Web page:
The Supreme Court ruled in a 6-to-3 decision that Price Waterhouse violated Title VII of the Civil Rights Act by basing its hiring and promotion decisions on discriminatory expectations of gender-related behavior. It was the first time the court had determined that gender stereotyping was a form discrimination.
“An employer who objects to aggressiveness in women but whose positions require this trait,” Justice William Brennan Jr. wrote in his majority opinion, “places women in an intolerable and impermissible Catch-22: out of a job if they behave aggressively and out of a job if they don’t.”
In 1990, U.S. District Judge Gerhard Gesell ordered Price Waterouse to pay Hopkins – then working at the World Bank – $350,000 in lost income and to make her a partner in the company. She rejoined her old firm, where she worked until her retirement in 2002. The Hopkins case became the basis for later gender-discrimination litigation, including cases involving gay and transgender people.
David Benjamin Huron was born Dec. 28, 1945, in Highland Park, Mich. He moved at an early age to Prince George’s County, Md., where his father served as an Air Force noncommissioned officer at what is now Joint Base Andrews.
After graduating from Suitland High School, Huron attended Swarthmore College in Pennsylvania, receiving a bachelor’s degree in 1967. He was a 1970 law school graduate of the University of Chicago.
Among other cases, Huron and his firm filed lawsuits against the Washington Metropolitan Area Transit Authority in the 1990s, winning the right of employees to take the agency to court. He also won a case in 1986 representing several White firefighters who sued the District of Columbia for racial discrimination after they were passed over for promotion in the D.C. fire department.
In the 1990s, Huron was diagnosed with a neurological disease that his family described as a slower-progressing version of ALS. He eventually used a wheelchair and a computer-driven device to type words. He continued to practice law.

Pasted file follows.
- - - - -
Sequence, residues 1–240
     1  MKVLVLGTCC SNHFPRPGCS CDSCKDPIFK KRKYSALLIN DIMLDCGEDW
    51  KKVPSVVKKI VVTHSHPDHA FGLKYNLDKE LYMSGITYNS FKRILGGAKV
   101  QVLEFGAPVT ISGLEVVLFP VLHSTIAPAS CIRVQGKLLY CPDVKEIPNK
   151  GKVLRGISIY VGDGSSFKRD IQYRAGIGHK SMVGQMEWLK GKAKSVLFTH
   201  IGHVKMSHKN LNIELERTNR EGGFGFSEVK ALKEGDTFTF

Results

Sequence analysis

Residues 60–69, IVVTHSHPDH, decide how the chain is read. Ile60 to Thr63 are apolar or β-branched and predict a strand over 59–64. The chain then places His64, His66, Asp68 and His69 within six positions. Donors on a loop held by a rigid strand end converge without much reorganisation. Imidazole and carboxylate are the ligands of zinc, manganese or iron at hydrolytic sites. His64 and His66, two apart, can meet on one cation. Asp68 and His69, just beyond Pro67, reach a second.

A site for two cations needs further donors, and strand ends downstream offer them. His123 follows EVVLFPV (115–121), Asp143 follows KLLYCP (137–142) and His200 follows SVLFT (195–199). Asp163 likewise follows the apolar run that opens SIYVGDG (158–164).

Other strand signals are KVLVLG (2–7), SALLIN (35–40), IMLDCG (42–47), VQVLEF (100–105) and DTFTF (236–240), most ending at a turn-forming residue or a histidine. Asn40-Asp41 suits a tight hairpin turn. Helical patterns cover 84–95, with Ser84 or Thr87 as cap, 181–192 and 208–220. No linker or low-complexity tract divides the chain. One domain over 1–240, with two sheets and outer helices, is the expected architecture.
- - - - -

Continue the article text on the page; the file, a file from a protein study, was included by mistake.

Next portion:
In 2007, he helped prepare a Supreme Court case with his law partner Salzman, arguing that U.S. senators did not have immunity from laws prohibiting workplace discrimination. They filed a lawsuit against Sen. Mark Dayton, D-Minn., on behalf of a staffer who had been fired after taking medical leave for a heart condition.
Dayton filed an appeal, claiming that the firing was an exercise of his right to free speech because it was directly related to his work as a legislator. Huron and Salzman maintained that, under the Congressional Accountability Act of 1995, Dayton could be sued for his actions as an employer, which were separate from his legislative duties as a senator. The Supreme Court agreed with Huron and Salzman in a unanimous decision.
“Doug wrote the briefs in that case, and they were brilliant,” Salzman said. “Even though he was no longer able to argue cases, he was still shaping the law through his writings.”
Huron was an adjunct professor at Georgetown University Law School and in 2004 was recognized by the Metropolitan Washington Employment Lawyers Association as lawyer of the year. He retired in 2018.
He was a member of the nondenominational Community of Christ in Washington and volunteered as a tutor at Martha’s Table, a D.C. nonprofit organization providing food and educational services for children.
Huron’s marriage to Ann Yarbrough ended in divorce. Survivors include his wife of 31 years, Amy Wind of Washington; two children from his first marriage, Amanda Huron of Hyattsville, Md., and Amos Huron of Philadelphia; a son from his second marriage, Walter Huron of Washington; and two granddaughters.